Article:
Kalamazoo Times

Kalamazoo Times

Sunday, April 5, 2020

House bill to expand bottle deposit program referred to committee

Regulation

By Angela Watson | Jan 23, 2020

Recycle

House Bill 5306, which would expand the 10-cent bottle deposit program in Michigan to include all noncarbonated beverages except milk, was referred to the Committee on Regulator Reform on Dec. 19.

Rep. Jon Hoadley (D-Kalamazoo), the bill’s sponsor, called it a “sweeping set of modernization” to the existing bottle deposit program.

Hoadley said it was exciting that the bill was supported when it was launched. The Farm Bureau, the Michigan United Conservation Clubs and Michigan League of Conservation Voters all back the proposal, Hoadley said. 

“When the Farm Bureau is supporting the bill it really tells you something,” Hoadley told the Kalamazoo Times.

The current law applies only to carbonated drinks, beer, ale, or other malt drink of whatever alcoholic content; or a mixed wine drink or a mixed spirit drink, according to Michigan.gov.

Other elements to House Bill 5306 include universal redemption, increased funding for recycling programs, and decreasing fraud. 

Currently, bottles can only be cashed in at places that sell the same product. Under the proposal, all large stores would have to accept the bottles.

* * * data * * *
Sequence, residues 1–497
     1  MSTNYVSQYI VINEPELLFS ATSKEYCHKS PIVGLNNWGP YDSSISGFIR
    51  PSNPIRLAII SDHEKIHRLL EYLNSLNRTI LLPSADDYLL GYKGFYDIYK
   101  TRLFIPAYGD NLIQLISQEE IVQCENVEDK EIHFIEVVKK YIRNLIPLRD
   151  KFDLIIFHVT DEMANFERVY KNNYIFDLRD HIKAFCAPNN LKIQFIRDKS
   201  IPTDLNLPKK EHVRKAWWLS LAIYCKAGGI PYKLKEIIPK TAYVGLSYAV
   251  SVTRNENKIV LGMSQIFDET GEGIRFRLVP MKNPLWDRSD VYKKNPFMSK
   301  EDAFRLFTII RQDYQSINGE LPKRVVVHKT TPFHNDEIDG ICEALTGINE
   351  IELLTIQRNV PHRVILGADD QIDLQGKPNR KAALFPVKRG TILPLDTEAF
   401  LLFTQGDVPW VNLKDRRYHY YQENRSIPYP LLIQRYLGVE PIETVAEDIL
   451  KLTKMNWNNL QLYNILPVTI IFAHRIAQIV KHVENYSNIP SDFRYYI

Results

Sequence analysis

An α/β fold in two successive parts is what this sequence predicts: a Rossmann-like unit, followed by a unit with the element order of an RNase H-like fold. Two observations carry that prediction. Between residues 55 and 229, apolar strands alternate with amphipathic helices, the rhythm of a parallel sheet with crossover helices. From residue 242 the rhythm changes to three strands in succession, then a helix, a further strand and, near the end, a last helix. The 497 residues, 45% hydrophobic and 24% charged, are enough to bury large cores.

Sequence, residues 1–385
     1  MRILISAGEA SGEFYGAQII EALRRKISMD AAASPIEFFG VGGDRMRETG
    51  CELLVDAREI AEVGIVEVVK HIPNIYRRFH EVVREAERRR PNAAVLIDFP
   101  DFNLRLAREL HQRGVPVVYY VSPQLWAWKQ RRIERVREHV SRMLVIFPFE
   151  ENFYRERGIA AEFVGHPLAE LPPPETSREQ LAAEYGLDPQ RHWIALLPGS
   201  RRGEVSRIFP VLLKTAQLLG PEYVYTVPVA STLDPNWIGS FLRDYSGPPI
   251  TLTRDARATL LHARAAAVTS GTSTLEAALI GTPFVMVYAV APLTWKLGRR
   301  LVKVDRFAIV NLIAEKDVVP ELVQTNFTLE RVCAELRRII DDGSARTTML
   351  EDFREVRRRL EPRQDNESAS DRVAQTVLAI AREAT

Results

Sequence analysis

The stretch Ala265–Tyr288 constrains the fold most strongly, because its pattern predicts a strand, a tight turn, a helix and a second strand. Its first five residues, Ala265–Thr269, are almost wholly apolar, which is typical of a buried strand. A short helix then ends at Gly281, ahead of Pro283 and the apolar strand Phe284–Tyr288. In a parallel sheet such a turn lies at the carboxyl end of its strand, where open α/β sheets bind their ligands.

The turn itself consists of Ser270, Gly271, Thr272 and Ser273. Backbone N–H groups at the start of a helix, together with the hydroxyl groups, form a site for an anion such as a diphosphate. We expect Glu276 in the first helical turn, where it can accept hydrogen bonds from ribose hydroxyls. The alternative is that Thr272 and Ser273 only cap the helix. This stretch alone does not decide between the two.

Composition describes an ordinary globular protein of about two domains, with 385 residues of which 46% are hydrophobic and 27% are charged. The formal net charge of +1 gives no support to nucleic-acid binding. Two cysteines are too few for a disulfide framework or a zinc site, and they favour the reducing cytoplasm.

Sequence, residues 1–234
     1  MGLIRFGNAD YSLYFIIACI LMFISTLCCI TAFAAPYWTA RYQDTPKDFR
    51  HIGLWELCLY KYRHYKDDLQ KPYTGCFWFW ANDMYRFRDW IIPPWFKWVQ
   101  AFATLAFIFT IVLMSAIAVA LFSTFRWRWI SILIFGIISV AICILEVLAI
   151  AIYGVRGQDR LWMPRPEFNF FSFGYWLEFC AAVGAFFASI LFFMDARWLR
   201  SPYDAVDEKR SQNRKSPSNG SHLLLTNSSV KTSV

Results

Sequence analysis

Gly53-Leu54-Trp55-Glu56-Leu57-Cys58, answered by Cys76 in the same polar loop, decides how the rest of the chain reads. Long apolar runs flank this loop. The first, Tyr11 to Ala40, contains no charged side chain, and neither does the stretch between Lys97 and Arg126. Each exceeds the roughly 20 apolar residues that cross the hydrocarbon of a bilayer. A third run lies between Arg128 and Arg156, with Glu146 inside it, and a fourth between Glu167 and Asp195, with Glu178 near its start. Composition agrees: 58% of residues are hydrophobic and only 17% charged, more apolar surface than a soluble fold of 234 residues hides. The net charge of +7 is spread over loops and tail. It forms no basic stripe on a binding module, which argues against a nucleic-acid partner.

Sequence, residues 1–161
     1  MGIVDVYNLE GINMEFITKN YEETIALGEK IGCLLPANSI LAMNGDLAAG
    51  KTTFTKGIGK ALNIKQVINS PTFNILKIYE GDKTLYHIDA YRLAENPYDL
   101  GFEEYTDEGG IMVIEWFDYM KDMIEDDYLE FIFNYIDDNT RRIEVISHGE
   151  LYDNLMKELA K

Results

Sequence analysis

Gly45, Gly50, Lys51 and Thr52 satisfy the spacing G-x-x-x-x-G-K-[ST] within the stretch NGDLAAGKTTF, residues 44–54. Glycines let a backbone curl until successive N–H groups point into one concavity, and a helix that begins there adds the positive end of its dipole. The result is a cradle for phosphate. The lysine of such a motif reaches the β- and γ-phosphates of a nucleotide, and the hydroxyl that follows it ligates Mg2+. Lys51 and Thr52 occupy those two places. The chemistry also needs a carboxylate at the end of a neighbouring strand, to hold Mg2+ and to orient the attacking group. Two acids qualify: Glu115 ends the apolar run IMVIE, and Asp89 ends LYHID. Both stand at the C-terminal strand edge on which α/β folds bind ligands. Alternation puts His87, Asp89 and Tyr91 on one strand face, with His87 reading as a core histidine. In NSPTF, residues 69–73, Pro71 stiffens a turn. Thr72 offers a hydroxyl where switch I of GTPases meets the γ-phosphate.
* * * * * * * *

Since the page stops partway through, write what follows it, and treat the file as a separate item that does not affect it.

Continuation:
“Some of the smallest stores had concerns that they wouldn’t be able to deal with the increased bottles and take-backs, so we made exceptions to them,” Hoadley said. 

Increased funds from expanding the bottle program would allow the state to invest more in the recycling program. 

“People need to see that we are being responsible stewards of the earth,” said Hoadley.

The extra money would also be used to pay for audits and fraud enforcement.

The current program began in 1976 as a way to reduce litter and was successful, and consumers have cashed in. Hoadley said 90 percent of the bottles are returned. 

Michigan is just one of 10 states with a beverage container deposit law. 

Some critics have concerns about applying a deposit to bottled water, Hoadley said, but there’s a bigger picture to focus on. 

“I would say we need to and improve all of our water systems across the state," he said. "We have to deal with our environmental issues."

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